Jagdeo supports decriminalisation of marijuana

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Opposition Leader Bharrat Jagdeo Thursday promised to vote in favour of legislative reform that decriminalises the possession of small amounts of marijuana.

The other 32 parliamentarians representing the opposition People’s Progressive Party (PPP) would be allowed to make a conscience vote on the issue, Jagdeo said at a news conference.

He further expressed concerns that the Government’s call for “public consultations” on the issue is just a delaying tactic.

The Alliance For Change (AFC) arm of the coalition administration recently renewed its commitment to push for reforms to the existing 1988 Narcotics and Psychotropic Substances Act.

The issue of decriminalisastion of marijuana was reignited after 27-year-old poultry farmer, Carl Mangal was sentenced to three years imprisonment for the possession of eight grams of marijuana earlier this week.

The Opposition Leader contended that these types of sentencing are not compassionate and that the law needs to be changed.

“I will vote in favour of decriminalisation…I am sure every family would want that,” Jagdeo expressed.

He explained that no family, regardless of religion, would want a loved one given such lengthy jail time for such a minor offence.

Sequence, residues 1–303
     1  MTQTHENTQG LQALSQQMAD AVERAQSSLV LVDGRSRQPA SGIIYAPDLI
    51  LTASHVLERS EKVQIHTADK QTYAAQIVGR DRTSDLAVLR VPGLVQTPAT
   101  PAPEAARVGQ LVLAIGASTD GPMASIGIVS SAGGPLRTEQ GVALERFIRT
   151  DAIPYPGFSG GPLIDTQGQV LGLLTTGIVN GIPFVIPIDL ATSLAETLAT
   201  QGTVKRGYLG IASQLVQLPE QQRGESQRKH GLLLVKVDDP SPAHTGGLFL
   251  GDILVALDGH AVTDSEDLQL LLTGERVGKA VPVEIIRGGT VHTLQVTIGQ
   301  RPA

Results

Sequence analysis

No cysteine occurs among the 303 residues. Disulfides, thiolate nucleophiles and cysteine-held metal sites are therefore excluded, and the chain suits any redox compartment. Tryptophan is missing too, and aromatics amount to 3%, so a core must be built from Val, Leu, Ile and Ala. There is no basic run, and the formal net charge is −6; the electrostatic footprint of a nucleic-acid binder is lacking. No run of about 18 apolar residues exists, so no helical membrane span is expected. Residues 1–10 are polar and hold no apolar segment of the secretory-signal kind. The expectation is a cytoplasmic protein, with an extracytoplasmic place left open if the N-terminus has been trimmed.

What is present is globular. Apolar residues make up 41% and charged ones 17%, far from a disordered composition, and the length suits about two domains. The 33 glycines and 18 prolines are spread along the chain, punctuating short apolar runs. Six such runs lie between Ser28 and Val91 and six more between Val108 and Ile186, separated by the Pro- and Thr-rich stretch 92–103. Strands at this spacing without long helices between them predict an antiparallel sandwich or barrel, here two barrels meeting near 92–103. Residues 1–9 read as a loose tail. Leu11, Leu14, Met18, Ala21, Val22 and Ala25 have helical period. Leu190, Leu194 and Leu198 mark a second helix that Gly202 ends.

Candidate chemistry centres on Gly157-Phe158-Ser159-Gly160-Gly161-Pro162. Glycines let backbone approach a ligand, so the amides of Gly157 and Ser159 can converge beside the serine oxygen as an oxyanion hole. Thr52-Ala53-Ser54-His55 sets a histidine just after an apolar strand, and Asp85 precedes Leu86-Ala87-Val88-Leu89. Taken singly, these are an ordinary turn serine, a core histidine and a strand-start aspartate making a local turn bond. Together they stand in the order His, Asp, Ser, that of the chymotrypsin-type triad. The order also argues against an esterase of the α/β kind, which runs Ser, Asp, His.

However, the PPP General Secretary noted that persons charged with possession of small quantities should not get off “scotch free” but should face alternative sentencing like community service or rehabilitation.

AFC Parliamentarian Michael Carrington said he will take steps to have amendments to the legislation tabled at the next sitting of the National Assembly.

Carrington along with Attorney Nigel Hughes had crafted a draft Amendment Bill but the Government Chief Whip Amna Ally advised against taking it to the National Assembly because President David Granger would not have supported the decision.

But after waiting for three years for a response from the A Partnership for National Unity (APNU), Carrington has decided to move ahead without the support from its coalition partners.

The AFC is banking on opposition support to have the amendment passed. But Jagdeo said the PPP will not take a collective position on the issue; parliamentarians will be free to vote as they desire.

The existing Narcotic Drugs Act of 1988, which criminalizes marijuana use, does not have discretion when dealing with matters above a certain level. It mandates a three-year jail sentence for persons caught with the substance.

In addition to Carl Mangal, 25-year-old miner, Ravi Mohan is also facing three years imprisonment for the possession of 25 grams of cannabis.

Attorney Hughes, former AFC Chairman, has decided to represent Mangal pro-bono and he has since appealed the court’s ruling.

State Minister Joseph Harmon, when asked to comment on the matter at his post-cabinet press briefing, explained that “the law is the law” and posited that the magistrates handing down the sentencing have to abide by it.

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